In 1977 it was time for Teddy's debut solo album. Teddy couldn't imagine recording on the same label as Harold, and Gamble & Huff decided in Teddy's favor. Harold Melvin led his brand new Blue Notes on ABC, and subsequently on various other labels, while Teddy remained on PIR. Around the time of the release of his solo album, Teddy also appeared on the Philadelphia International All Stars single Let's Clean up the Ghetto. Teddy sang a couple of powerful lines on this collaboration tune which also featured Lou Rawls, Billy Paul, Archie Bell, The O'Jays and Dee Dee Sharp Gamble and climbed to number 4 on the R&B chart.


PIR 34390, 1977

Also currently available as Westside CD WESM 505 (2 on 1 CD with Life is a Song Worth Singing)

A1) You Can't Hide from Yourself 2) Somebody Told Me 3) Be Sure 4) And If I Had B 1) I Don't Love You Anymore 2) The Whole Town's Laughing at Me 3) Easy, Easy, Got to Take It Easy 4) The More I Get, the More I Want

Produced by Kenneth Gamble & Leon Huff; John Whitehead, Gene McFadden & Victor Carstarphen; Sherman Marshall

There couldn't have been a more favorable environment for Teddy's debut than Gamble & Huff and Philadelphia International Records. They had worked with Teddy for years and knew what they wanted to do with him. Teddy appreciated the fact that music came first for Gamble & Huff and that they varied their production style to suit the artist they were working with, and not vice versa. As Teddy put it, they had a rare gift of artistry combined with killer commercial instinct.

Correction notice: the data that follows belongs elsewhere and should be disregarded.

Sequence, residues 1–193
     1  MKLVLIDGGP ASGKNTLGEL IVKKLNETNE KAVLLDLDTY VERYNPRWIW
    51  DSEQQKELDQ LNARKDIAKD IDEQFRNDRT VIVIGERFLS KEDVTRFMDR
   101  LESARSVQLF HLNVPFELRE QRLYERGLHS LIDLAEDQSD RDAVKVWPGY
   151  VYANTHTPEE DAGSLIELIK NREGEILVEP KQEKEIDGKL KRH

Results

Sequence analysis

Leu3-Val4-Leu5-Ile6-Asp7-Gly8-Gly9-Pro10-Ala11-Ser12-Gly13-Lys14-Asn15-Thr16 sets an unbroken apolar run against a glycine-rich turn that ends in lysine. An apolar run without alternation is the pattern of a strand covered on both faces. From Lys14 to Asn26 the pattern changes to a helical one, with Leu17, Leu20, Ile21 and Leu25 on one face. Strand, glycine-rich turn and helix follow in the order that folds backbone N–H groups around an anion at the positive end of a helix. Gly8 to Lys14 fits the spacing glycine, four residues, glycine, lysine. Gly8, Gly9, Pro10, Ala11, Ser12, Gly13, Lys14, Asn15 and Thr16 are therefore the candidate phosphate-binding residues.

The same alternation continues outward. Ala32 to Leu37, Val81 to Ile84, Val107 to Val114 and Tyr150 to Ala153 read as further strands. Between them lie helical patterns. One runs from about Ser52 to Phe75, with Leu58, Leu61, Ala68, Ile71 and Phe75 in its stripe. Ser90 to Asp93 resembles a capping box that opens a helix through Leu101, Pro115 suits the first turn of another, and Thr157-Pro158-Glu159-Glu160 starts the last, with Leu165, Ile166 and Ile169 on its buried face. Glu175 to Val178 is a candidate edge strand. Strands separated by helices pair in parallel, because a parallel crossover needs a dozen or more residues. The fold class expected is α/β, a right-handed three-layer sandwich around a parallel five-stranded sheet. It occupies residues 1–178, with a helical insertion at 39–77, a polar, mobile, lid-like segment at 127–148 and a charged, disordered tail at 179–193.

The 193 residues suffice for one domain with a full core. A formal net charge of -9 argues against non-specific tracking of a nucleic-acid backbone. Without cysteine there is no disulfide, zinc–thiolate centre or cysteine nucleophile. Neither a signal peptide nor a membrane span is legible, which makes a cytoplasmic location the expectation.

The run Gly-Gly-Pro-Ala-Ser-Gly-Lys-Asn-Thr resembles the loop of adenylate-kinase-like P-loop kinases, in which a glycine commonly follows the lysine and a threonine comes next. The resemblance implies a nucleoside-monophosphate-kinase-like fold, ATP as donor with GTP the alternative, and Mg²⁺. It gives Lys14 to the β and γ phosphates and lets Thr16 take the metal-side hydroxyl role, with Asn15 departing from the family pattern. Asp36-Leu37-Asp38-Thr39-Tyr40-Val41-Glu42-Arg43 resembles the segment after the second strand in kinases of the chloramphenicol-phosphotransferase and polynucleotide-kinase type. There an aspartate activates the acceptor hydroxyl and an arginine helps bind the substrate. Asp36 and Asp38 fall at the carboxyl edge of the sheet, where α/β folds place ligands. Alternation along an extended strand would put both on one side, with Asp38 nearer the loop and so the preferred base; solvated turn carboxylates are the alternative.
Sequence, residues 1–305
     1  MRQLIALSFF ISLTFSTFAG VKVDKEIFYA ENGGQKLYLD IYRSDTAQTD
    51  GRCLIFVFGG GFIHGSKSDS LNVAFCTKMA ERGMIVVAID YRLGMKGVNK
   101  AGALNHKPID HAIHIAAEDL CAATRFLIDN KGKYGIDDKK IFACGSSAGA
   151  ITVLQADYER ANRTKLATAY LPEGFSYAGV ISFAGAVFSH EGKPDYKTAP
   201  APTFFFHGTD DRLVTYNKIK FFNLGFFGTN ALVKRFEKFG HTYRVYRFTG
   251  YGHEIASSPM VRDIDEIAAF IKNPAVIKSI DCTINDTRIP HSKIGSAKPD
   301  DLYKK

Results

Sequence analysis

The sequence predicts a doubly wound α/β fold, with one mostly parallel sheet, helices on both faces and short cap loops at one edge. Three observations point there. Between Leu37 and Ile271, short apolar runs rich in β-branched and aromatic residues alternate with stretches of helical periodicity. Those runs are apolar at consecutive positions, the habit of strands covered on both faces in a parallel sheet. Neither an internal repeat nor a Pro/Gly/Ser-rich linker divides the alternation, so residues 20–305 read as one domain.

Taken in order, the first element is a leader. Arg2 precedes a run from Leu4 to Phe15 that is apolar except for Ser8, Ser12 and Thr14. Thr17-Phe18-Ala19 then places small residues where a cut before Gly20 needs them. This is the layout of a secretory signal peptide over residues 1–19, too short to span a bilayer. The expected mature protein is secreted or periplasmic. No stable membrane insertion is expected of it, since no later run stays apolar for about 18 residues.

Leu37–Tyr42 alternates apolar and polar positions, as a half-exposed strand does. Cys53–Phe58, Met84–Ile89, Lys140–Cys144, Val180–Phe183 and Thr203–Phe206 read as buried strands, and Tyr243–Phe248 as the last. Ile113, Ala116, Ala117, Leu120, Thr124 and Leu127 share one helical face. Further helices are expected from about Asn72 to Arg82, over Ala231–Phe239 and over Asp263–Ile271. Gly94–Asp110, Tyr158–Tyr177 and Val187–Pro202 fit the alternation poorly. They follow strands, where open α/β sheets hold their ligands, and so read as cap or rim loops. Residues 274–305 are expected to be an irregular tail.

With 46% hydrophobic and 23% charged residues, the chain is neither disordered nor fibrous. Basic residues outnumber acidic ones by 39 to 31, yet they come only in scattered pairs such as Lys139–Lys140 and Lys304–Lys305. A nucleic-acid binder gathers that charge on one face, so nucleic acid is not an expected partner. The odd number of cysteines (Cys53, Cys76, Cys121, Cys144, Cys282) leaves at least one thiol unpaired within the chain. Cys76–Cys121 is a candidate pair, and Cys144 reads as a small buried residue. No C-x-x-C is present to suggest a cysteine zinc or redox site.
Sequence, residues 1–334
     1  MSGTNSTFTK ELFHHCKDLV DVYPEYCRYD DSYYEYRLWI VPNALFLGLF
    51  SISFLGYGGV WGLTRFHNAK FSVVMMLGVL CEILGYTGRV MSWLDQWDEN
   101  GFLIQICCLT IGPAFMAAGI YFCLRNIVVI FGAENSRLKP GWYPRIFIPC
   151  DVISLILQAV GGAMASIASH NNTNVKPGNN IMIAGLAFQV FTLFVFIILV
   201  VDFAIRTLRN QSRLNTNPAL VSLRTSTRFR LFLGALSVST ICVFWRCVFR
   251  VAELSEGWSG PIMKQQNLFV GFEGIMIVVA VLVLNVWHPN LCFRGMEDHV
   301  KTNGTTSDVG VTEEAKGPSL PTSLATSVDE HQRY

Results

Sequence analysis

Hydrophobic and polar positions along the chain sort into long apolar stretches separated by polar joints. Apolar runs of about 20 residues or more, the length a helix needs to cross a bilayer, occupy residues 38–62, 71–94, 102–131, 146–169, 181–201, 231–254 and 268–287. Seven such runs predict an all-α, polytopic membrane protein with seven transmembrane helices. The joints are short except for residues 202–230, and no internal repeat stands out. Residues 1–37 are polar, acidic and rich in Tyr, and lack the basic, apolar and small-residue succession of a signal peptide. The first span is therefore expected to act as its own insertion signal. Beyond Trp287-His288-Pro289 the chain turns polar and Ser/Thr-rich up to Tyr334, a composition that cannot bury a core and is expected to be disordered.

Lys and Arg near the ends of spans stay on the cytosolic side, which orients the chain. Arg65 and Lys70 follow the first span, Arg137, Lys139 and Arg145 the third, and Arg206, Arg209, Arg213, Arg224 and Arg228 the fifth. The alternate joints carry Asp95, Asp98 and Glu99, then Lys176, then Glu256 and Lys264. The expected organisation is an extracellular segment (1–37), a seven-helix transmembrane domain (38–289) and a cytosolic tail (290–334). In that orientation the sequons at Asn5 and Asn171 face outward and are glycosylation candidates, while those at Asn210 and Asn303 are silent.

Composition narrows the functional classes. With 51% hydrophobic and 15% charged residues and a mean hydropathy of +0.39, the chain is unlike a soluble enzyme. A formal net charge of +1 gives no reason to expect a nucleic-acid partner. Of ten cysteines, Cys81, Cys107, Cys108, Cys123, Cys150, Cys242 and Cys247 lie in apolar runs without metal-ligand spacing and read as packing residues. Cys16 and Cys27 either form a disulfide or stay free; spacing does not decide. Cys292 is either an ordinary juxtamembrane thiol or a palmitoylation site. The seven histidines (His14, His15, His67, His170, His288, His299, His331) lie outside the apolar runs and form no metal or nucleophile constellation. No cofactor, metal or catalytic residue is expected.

Of course these guys, Gamble & Huff, John Whitehead, Gene McFadden, Victor Carstarphen, Sherman Marshall (and later Thom Bell and Dexter Wansel), arrangers like Bobby Martin and Jack Faith and all the brilliant musicians did so much amazing stuff over the years that even this album, wonderful as it is, is just one of their achievements. Still, I think the whole lot of them should be knighted for this album alone. The level of musicianship is impeccable throughout and the abundance of tasty nuances in the production and arrangements is incredible.

The Gamble & Huff produced debut single, I Don't Love You Anymore, hit # 7 on the R&B charts and was an impressive showcase for the album. After a brief percussive interlude, it quickly gets to the point and proceeds as a dynamically rolling piece of up-tempo soul with an overall musical atmosphere that is decidedly uplifting despite the lyrics. I especially like the part where Teddy adds some typically rough and emotional ad libs over a tinkling piano and guitar picking. The McFadden, Whitehead & Carstarphen production, The More I Get, the More I Want, is a similar hard-driving percussive up-tempo track with an insistent bassline. The opening track You Can't Hide from Yourself is even more relentless with its rock-solid backing and horn riffs that hit you like a boxer hits a heavy bag. The way Gamble & Huff have combined the funk elements with the solid tune and Teddy's rough 'n rugged vocals is simply wonderful.